One of the great things about Tsali is the ability to ride straight out of camp and onto the trails!! It is awesome to come back from a ride with perma-grin and pop open an adult beverage, heat up some food, and just hangout and chat about the ride. And fortunately it is cool enough to need a campfire in the evenings. And oddly enough, I just happened to see this picture opportunity pop-up one evening of Tad’s Niner hanging on a hook behind the campfire. We took several photos of this with various amounts of lighting on the bike.

Mouse loop overlook

The next morning we get up, eat, and get prepped to ride Mouse, followed by Thompson.
I honestly can’t remember much about riding mouse – but for some reason I seem to remember everything about riding Thompson, especially the finishing stretch down to the camping area. This is a longer downhill section with just enough twists, berms and turns to keep you on your toes.

Of course, since I brought a good friend who had never been here, I made sure that we got to each overlook. And Lady Luck was on our side as it was a peak leaf viewing weekend at altitudes above 4,000 feet.

The next day we headed out to ride Left loop. This such a great section of easy paced trail that followed along the edge of Fontana Lake. It gets challenging in a couple sections due to the narrow trail along the slate rock.

Lake Fontana, Left loop at Tsali.

From the overlook on the left loop, we headed over to the Right loop. This Right loop takes you from the overlook level back down to the lake level & then back to the Tsali parking lot.

All the trails are quite groomed at Tsali, but what makes them so much fun is the speed and maintaining your momentum on the berms in the corners. Running the Jamis Single Speed at Tsali was Great! I ran a 32×20 gear, and although it seemed a bit on the easy side a couple of places, for several of the climbs I was glad I wasn’t running a smaller cog. Any place that was flat or downhill & straight enough that I wanted more gearing didn’t last long enough to really warrant a bigger gear. And I was surprised to find on the couple of climbs that I had to get off the bike (don’t say walk) was where a rider in front of me caused me to loose momentum or the rear wheel spun out on me.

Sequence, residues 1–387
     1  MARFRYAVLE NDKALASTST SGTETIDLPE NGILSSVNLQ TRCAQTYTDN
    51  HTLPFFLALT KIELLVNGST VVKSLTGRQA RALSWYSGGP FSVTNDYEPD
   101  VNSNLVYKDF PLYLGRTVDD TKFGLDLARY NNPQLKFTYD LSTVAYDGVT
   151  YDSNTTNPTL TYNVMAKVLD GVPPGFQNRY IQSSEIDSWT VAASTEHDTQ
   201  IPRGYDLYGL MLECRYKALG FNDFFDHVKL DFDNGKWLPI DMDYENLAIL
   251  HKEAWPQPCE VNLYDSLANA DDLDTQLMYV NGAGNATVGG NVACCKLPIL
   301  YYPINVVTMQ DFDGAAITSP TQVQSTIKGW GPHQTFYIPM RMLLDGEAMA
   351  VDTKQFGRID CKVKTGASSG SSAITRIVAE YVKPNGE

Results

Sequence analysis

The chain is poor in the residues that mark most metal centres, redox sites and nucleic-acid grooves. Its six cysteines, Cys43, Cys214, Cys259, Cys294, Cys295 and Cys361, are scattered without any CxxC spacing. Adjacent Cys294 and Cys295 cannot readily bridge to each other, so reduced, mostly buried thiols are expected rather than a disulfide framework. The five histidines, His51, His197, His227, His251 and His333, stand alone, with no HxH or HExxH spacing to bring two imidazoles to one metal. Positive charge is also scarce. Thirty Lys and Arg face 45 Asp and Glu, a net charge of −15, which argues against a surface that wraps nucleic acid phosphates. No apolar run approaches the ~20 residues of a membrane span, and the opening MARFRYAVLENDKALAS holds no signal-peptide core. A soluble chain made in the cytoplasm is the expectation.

This wasn’t my first weekend at Tsali, but I think I got much better pictures this time!

Steve Jobs Cycling technology fading iPod

Along with the passing of Steve Jobs, so it seems is the passing of 1 of cycling’s best technological advances, the iPod. Yes, Once Apple iPod was named cycling’s greatest technology advancement by Velonews in 2003?


This got a velonews technological advancement not necessarily because it was bicycle oriented, but because it made those 6 hour days in the saddle much more tolerable! Now suddenly you could have a upbeat song in your head instead of some lame children’s song or a Guns & Roses love ballad – for hours on end.

Some people complained that you can’t hear anything while riding w/ headphones, but I never listened to my music that loud, I just liked having a rhythm in the background. I would hear most cars approaching just as anyone else would, I would hear anyone conversing with me and infact I once overheard a conversation about me that they didn’t think I could hear…. which was basically ‘does he always ride with headphones?’ Answering that question often stopped the conversation.


One thing that I loved about my 2nd generation iPod that the iPod’s predeccessor, my Android phone, (that has replaced my iPod for long rides now) doesn’t have is a wired remote. With the wired remote, I could pause, fast forward, rewind & change volume as I pedaled. Now I have to use 1 hand and take the risk of dropping my phone to do that.

Now many years later the iPod is being phased out. But it’s impact is still felt in the technological advances that we have today, including iPhones, Androids, and iPads.

“Computers are like bicycles for the mind.” ~Steve Jobs
Prompting the quote “iPod therefore iRide”.